• Heat Loss – Don’t believe when someone tells you that drinking helps your body get warm. What happens in reality is that alcohol acts as a peripheral dilator, meaning that blood vessels near the skin surface enlarge leading to redness and warmth. Studies show that men and women have high heat loss after consumption of alcohol, so if you are stranded in the mountains and a St. Bernard runs to you with whiskey don’t drink it, instead hug the puppy.
  • Diuretic Effects – As alcohol concentration rises in blood, antidiuretic hormone, a hormone which starts to reabsorb water in the kidneys prior to elimination in the urine, starts to get affected. Thus urine becomes more dilute, and more urine is released. But when concentrations levels peak, the opposite starts to occur. Water is now retained in a condition called antidiuresis, which results in swollen fingers, hands, and feet. The more salty food you eat with your alcohol, the more pronounced this effect is.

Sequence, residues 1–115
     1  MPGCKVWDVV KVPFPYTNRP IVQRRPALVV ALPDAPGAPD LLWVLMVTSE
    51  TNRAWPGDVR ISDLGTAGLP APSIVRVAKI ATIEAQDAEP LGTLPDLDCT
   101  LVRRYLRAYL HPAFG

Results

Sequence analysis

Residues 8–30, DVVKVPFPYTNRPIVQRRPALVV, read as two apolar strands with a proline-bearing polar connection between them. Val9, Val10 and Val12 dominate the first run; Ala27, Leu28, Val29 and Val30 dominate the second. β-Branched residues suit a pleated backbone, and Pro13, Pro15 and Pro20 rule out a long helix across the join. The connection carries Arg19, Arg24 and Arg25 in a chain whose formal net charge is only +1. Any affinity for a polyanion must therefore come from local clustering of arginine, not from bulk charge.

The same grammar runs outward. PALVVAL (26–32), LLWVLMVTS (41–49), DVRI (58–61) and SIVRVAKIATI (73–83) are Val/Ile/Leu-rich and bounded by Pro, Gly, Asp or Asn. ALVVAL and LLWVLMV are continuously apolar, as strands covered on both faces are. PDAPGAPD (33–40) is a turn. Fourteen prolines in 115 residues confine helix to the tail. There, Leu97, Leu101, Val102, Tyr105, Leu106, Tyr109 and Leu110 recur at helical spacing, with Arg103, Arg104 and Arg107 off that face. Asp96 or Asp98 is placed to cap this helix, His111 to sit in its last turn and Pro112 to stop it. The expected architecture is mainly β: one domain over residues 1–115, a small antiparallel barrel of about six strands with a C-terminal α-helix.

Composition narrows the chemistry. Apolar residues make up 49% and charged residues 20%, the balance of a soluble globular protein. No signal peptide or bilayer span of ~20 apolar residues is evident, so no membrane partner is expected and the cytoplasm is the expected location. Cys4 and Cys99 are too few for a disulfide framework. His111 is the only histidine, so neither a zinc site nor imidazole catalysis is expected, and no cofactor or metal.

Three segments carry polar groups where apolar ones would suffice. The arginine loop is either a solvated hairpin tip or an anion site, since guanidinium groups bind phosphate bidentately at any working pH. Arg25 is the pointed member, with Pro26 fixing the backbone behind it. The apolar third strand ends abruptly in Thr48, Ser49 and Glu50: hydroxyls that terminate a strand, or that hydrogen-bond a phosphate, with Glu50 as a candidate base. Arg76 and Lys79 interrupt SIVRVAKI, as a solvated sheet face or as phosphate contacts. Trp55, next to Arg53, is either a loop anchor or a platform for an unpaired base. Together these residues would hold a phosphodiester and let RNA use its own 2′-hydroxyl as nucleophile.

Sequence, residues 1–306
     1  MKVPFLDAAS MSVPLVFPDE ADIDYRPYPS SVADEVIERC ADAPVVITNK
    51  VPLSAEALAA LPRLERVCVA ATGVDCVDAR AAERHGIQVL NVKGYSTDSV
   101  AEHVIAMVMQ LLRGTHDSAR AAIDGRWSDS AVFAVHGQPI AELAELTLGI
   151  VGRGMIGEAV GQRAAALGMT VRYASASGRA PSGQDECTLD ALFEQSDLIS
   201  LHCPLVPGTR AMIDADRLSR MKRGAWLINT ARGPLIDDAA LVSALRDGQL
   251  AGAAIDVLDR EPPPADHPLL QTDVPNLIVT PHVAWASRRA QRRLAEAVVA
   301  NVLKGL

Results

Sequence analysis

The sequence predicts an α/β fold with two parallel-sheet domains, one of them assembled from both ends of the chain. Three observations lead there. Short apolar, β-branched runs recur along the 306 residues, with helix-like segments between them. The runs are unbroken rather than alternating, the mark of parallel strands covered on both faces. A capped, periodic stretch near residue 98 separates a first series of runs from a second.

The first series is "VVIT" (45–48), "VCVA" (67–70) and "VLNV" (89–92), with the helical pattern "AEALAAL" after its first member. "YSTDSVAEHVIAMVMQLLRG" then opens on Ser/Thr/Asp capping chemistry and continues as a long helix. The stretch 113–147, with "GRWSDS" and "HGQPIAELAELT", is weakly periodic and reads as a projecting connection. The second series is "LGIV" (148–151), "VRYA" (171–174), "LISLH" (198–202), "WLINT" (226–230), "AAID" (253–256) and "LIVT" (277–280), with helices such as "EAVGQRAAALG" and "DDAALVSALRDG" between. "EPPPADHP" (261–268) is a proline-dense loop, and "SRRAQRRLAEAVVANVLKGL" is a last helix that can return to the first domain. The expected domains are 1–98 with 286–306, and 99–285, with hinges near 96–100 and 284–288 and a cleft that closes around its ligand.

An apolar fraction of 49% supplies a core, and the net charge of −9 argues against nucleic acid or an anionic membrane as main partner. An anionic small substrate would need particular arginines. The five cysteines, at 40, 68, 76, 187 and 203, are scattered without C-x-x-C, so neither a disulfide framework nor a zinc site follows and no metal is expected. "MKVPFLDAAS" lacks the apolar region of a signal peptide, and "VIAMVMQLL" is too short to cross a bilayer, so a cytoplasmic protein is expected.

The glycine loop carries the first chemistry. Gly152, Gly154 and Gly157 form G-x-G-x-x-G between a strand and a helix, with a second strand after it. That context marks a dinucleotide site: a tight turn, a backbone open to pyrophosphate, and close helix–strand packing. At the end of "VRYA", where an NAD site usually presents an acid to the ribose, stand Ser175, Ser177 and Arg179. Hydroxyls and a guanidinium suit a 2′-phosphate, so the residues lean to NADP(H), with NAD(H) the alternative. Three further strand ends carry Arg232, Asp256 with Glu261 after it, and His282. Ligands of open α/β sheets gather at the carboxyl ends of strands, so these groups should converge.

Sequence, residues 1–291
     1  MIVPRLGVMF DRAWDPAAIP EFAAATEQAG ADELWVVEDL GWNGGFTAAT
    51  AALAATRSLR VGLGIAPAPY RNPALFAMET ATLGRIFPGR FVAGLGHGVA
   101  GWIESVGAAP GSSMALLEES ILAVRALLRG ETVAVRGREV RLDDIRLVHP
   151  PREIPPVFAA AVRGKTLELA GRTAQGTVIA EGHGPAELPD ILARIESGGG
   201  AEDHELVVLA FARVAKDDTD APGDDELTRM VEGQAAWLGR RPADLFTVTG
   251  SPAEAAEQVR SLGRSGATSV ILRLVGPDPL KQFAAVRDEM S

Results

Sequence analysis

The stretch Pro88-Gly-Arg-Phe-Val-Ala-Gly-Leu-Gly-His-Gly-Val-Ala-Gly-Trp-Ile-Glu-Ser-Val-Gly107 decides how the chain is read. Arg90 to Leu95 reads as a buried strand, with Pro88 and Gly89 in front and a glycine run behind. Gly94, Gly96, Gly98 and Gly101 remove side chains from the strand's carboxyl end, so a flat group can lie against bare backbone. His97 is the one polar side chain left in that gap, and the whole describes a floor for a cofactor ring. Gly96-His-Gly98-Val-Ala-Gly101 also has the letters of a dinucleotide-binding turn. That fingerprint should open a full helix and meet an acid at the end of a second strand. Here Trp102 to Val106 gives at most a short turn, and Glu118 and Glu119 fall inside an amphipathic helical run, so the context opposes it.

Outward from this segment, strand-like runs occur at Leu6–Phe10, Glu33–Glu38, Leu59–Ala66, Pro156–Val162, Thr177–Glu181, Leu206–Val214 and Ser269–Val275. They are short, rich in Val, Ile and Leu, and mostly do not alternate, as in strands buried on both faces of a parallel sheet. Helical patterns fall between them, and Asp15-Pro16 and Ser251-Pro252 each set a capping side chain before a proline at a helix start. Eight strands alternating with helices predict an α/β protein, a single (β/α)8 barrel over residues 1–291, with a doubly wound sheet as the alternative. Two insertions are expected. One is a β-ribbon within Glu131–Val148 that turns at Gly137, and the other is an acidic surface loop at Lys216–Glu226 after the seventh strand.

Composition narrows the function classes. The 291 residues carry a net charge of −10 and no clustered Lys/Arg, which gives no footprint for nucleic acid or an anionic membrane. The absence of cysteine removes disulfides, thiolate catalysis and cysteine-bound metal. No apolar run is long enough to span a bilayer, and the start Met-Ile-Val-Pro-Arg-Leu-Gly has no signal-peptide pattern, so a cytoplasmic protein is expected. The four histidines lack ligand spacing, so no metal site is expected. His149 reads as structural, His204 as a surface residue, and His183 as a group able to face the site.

• Cardiovascular Effects – Constant consumption of alcohol, which could be binge drinking or alcoholism, raises chances of a heart attack. If binge drinking lasts for more than two days, the likelihood of cardiac arrhythmia rises owing to the lowered threshold for ventricular fibrillation and the scarring of heart muscle.